|Monday, November 25, 2019||2:00PM - 4:00PM||108N, North House, Munk School of Global Affairs|
1 Devonshire Place
China is a new great power entering a geopolitically tense region of Central Europe, where Russia, Western Europe, and the U.S. have competed throughout the 20th century for influence. China benefitted from growing scepticism towards the West after the 2008 crisis and was looked upon by many in the region as an alternative. At the same time, with most of the economic expectations of China remaining unfulfilled, the frustration of China has grown as well, aided also by the different outlooks of Communism and the general suspicions of great powers in the region. The presentation will look into political, economic, and social aspects of China-Central Europe relations and its implications for Europe, in general, to show that even though China has presented new challenges, it is unlikely to compete on equal footing with the established great powers in the region.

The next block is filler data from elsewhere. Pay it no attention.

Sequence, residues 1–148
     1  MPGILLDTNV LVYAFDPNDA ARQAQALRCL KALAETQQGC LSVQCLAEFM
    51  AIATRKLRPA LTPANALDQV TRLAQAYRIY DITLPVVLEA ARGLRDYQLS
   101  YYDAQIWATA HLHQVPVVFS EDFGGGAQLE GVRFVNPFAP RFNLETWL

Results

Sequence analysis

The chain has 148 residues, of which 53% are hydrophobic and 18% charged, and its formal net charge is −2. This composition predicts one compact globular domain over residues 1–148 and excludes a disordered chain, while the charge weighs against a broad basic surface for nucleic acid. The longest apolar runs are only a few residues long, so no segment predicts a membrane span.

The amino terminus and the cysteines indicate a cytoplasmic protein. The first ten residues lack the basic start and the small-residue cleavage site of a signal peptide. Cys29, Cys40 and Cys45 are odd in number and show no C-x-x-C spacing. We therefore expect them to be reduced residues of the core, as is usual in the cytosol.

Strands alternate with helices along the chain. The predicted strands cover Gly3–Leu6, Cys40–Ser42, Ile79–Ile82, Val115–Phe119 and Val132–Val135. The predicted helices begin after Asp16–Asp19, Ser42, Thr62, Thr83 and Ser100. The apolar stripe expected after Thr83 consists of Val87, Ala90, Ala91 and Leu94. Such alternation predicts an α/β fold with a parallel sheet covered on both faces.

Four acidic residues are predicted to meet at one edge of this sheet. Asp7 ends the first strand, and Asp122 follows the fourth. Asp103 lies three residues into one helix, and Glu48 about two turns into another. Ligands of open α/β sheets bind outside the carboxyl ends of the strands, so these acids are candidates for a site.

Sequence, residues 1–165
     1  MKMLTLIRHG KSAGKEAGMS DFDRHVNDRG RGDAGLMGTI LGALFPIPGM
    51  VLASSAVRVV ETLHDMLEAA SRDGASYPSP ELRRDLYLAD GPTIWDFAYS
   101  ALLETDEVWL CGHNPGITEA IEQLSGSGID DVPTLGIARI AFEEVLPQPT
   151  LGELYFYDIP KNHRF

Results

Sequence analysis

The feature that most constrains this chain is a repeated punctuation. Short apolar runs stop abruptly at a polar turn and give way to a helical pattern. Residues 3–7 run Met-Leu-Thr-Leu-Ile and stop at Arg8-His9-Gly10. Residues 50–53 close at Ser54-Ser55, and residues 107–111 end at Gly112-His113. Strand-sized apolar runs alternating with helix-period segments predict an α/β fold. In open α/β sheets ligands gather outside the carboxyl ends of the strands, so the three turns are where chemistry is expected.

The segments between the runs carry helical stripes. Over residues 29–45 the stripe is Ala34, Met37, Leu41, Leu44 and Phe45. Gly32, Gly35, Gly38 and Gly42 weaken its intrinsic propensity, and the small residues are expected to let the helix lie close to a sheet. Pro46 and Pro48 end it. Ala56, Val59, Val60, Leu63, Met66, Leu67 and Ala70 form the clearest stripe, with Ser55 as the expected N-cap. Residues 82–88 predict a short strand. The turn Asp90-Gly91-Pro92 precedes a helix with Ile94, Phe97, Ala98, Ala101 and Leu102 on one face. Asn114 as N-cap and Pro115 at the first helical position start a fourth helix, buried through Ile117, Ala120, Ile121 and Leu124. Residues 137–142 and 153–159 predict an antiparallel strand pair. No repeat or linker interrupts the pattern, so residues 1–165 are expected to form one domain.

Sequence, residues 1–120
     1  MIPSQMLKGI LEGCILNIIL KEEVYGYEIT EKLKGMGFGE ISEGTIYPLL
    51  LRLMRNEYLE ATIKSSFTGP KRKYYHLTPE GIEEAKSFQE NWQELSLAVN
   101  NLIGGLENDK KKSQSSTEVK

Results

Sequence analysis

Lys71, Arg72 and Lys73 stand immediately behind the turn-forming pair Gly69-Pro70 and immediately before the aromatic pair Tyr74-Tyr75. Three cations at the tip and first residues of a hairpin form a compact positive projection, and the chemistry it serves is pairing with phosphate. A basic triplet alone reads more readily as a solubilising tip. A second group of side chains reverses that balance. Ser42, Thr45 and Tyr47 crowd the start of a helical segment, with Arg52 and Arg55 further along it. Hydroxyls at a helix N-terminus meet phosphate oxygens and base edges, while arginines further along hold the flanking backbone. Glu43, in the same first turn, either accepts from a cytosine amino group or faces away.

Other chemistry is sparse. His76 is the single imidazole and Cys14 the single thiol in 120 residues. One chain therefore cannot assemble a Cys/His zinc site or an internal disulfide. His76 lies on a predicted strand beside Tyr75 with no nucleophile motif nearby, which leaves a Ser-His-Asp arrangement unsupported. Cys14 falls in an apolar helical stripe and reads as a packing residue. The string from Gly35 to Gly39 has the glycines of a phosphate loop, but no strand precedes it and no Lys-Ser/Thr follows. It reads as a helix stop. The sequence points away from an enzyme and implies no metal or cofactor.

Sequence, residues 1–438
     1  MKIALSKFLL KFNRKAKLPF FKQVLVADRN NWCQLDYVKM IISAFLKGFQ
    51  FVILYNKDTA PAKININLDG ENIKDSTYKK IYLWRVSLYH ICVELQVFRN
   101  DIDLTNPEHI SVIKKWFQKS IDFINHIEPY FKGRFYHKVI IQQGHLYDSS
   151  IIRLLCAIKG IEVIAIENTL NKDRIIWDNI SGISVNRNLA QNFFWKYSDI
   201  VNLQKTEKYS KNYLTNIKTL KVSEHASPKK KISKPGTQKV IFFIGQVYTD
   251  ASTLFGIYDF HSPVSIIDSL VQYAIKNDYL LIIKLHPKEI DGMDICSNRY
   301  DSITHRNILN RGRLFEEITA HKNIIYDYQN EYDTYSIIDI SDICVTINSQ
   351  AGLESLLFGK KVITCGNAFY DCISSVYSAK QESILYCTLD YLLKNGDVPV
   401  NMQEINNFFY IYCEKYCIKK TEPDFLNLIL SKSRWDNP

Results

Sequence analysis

Richard Q. Turcsányi is a Key Researcher at Palacky University Olomouc, Assistant Professor at Mendel University in Brno, and Program Director at the Central European Institute of Asian Studies (www.ceias.eu). He holds a Ph.D. in International Relations and further degrees in economy and political science. In past, he conducted long-term study and research stays at the University of Toronto, Peking University, National Chengchi University in Taipei, and the European Institute for Asian Studies in Brussels. His research interests include Chinese foreign policy, relations between China and (Central and Eastern) Europe, and international relations of Asia-Pacific.
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